Matthew Sydney Talks Fort Lauderdale Love, Metallica, and GLBT

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Matthew Sydney describes his music as romantic, funny, and inspirational, and he isn't wrong. The composer, actor, and visual artist performs not just songs but puts on a whole show for the audience.  

His life, it seems, is devoted to music. He is host of a weekly internet radio program during which he interviews other artists and plays music. When asked if he has a day job, Sydney responds with candor: "My day job quit me. Do you know anyone who's hiring?"

His quirky personality comes through when talking about growing up. A local since he was in elementary school, he says, "I consider Fort Lauderdale my hometown."
He adds, "Props to Piper High School in Sunrise and to the Metropolitan Community Church and Compass of Fort Lauderdale for doing right by me! If it weren't for them, I might have been another teenage suicide statistic." Openly gay always and active in the GLBT community, he found the area diverse and accepting. "I was shocked when I was in college and started meeting people who grew up in other parts of the country where people are still way behind the times." He believes that the whole community, gay or straight, should support its youngsters and give them respect, gay or straight. 

"The only way being gay has influenced my music is that when I wrote my first love song, I had to decide if I was going to be honest and refer to my love interest as he or lie and sell out and use the pronoun she." Since then, he's found that people of all sexual orientations appreciate his talents -- oftentimes, the straight dudes more than the gay. "Maybe because I was listening to Metallica and Nirvana when the other kids were listening to Madonna and Mariah," he muses. "I'd rather watch kickboxing than RuPaul's Drag Race. I'm just that kind of guy."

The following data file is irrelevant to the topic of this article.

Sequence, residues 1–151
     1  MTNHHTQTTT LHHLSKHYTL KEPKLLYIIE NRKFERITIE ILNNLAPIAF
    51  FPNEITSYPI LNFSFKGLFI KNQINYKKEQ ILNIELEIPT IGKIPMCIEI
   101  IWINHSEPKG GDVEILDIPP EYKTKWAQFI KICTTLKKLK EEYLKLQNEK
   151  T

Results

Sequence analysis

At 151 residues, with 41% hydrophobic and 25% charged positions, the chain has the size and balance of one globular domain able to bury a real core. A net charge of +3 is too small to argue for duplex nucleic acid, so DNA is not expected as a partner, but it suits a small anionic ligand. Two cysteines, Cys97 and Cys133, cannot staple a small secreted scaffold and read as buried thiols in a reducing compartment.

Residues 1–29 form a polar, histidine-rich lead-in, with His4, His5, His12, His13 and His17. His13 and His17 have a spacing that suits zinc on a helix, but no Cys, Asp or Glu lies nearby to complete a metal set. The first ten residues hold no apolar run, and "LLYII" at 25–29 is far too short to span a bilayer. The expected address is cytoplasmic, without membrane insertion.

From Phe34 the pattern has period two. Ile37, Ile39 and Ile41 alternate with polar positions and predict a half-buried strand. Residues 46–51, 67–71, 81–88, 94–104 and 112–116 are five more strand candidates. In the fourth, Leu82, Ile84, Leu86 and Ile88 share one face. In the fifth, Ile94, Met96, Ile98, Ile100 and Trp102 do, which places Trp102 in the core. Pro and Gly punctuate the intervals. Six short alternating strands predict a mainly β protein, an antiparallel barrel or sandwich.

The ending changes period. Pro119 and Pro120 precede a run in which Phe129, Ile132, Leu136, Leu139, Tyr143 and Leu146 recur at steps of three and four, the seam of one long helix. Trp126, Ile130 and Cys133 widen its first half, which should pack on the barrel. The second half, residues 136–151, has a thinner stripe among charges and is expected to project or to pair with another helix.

Even so, he never thought of compromising himself in terms of putting up a straight front. "It's my duty to the next generation to be honest as an artist. It would be hypocritical of me to write songs about women and ask a girl to be my date at public functions only to come out after I've achieved mainstream success." No offense, Ricky, but Sydney's keeping it real. 

A "variety show" format at his shows allows Sydney to showcase other artists' talents, his own music, and put on a special event for the crowd. He incorporates storytelling and banter, wears costumes, and plays with props. 

"Every show is different," he says. "Props might vary from beach balls and sparklers in July to red candles and black tablecloths in October. I always create an atmosphere for my guests." He wants everyone to have a good time and feel involved. Apparently, there was even a debacle with an electric hula skirt he was given by Lady Gaga's designers.

At his upcoming album-release party at Mara in Lake Worth, he'll be performing both an acoustic and electric set, demonstrating all the sounds on the new album, The Game. The busy man also hosts an open mic at the venue each Wednesday from 8 to 11 p.m. All music all the time, Matthew Sydney is the host of his own show. 

The CD-release party takes place 8 to 11 p.m Saturday, February 25, at Mara, 1132 N. Dixie Highway, Lake Worth. Admission is $10 and includes a complimentary copy of my new album. He'll also be performing with Felicia Rose, Sophie Sputnik, and J.J. Crowne, winner of's 2011 best album of the year.

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